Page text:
›› SI base units used on ConvertUnits.com

 Type  Name Symbol 
 length  metre  m
 mass  kilogram  kg
 time  second  s
 electric current  ampere  A
 temperature  kelvin  K
 amount of substance  mole  mol
 luminous intensity  candela  cd


›› SI derived units used on ConvertUnits.com

 Type  Name Symbol 
 acceleration  meter/square second  m/s2
 angle  radian  rad
 area  square meter  m2
 capacitance  farad  F
 density  kilogram/cubic meter  kg/m3
 dynamic viscosity  pascal second  Pa-s
 electric charge  coulomb  C
 electric conductance  siemens  S
 electric resistance  ohm  Ω
 energy  joule  J
 force  newton  N
 frequency  hertz  Hz
 inductance  henry  H
 mass flow rate  kilogram/second  kg/s
 mole flow rate  mole/second  mol/s
 power  watt  W
 pressure  pascal  Pa
 speed  meter/second  m/s
 surface tension  newton/meter  N/m
 torque  newton meter  N-m
 voltage  volt  V
 volume  cubic meter  m3
 volume flow rate  cubic meter/second  m3/s
 amount-of-substance concentration  mole/cubic meter  mol/m3


›› non-SI units used on ConvertUnits.com

 Type  Name Symbol 
 computer data storage  byte  B
 computer data rate  bit/second  bit/s
 U.S. currency  dollar  $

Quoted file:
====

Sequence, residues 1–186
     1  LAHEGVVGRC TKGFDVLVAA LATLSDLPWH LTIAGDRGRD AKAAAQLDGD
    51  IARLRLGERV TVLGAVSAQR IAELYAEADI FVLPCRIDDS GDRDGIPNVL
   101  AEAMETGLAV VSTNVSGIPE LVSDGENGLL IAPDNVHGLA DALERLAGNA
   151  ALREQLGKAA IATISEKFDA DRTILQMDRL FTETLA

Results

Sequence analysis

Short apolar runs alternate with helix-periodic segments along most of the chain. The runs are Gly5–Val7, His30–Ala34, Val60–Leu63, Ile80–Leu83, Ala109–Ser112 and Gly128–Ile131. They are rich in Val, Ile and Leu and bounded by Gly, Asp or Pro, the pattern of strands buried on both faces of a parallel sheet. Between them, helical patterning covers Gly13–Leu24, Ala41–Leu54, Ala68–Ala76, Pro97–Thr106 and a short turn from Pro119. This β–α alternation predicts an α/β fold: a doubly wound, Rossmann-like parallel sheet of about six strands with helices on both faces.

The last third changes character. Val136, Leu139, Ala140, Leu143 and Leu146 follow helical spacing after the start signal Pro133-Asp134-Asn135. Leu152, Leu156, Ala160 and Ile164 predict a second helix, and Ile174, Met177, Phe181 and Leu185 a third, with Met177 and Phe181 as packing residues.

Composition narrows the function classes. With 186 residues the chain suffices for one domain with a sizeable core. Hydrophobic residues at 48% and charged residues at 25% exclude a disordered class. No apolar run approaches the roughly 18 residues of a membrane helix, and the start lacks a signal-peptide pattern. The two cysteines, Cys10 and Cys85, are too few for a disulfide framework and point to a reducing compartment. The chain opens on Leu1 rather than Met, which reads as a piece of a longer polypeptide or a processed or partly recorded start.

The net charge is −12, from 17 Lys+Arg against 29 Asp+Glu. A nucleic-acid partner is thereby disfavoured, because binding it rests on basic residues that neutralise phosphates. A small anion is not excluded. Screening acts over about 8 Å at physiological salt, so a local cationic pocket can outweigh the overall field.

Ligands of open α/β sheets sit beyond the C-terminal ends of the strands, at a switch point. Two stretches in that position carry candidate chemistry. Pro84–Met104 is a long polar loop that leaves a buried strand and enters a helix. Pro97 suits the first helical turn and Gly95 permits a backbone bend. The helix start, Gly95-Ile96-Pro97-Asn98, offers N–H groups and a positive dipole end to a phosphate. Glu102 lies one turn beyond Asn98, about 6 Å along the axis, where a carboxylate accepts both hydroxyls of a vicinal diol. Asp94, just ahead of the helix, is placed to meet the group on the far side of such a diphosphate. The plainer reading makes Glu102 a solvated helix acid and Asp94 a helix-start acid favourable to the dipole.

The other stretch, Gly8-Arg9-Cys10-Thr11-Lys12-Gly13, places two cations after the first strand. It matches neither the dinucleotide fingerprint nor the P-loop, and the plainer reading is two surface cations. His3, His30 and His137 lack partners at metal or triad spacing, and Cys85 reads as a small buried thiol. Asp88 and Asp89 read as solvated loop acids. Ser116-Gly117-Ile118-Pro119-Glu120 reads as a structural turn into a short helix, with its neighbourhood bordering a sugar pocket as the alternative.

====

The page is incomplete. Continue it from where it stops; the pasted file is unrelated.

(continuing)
›› SI prefixes

 Factor  Prefix Symbol 
 1024 1E24  yotta  Y
 1021 1E21  zetta  Z
 1018 1E18  exa  E
 1015 1E15  peta  P
 1012 1E12  tera  T
 109 1E9  giga  G
 106 1E6  mega  M
 103 1E3  kilo  k
 102 1E2  hecto  h
 101 1E1  deca  da
 101 1E1  deka  da
 10-1 1E-1  deci  d
 10-2 1E-2  centi  c
 10-3 1E-3  milli  m
 10-6 1E-6  micro  µ
 10-9 1E-9  nano  n
 10-12 1E-12  pico  p
 10-15 1E-15  femto  f
 10-18 1E-18  atto  a
 10-21 1E-21  zepto  z
 10-24 1E-24  yocto  y


›› International System of Units

The International System of Units (abbreviated SI) is the modern form of the metric system. It is the world's most widely used system of units, both in everyday commerce and in science.

The older metric system included several groupings of units. The SI was developed in 1960 from the metre-kilogram-second (mks) system, rather than the centimetre-gram-second (cgs) system which, in turn, had many variants.

The SI introduced several newly named units. The SI is not static; it is a living set of standards where units are created and definitions are modified with international agreement as measurement technology progresses.

With few exceptions, the system is used in every country in the world, and many countries do not maintain official definitions of other units. In the United States, industrial use of SI is increasing, but popular use is still limited. In the United Kingdom, conversion to metric units is official policy but not yet complete. Those countries that still recognize non-SI units (e.g. the U.S. and UK) have redefined their traditional non-SI units in terms of SI units.